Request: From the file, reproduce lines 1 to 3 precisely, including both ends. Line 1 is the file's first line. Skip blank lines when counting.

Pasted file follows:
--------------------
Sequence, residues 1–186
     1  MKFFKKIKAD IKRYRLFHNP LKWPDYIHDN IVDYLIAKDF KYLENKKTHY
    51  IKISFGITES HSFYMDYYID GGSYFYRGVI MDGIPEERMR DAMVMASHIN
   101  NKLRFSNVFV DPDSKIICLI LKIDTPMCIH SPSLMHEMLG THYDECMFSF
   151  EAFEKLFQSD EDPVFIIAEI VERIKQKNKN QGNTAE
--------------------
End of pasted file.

Sequence, residues 1–186
     1  MKFFKKIKAD IKRYRLFHNP LKWPDYIHDN IVDYLIAKDF KYLENKKTHY
    51  IKISFGITES HSFYMDYYID GGSYFYRGVI MDGIPEERMR DAMVMASHIN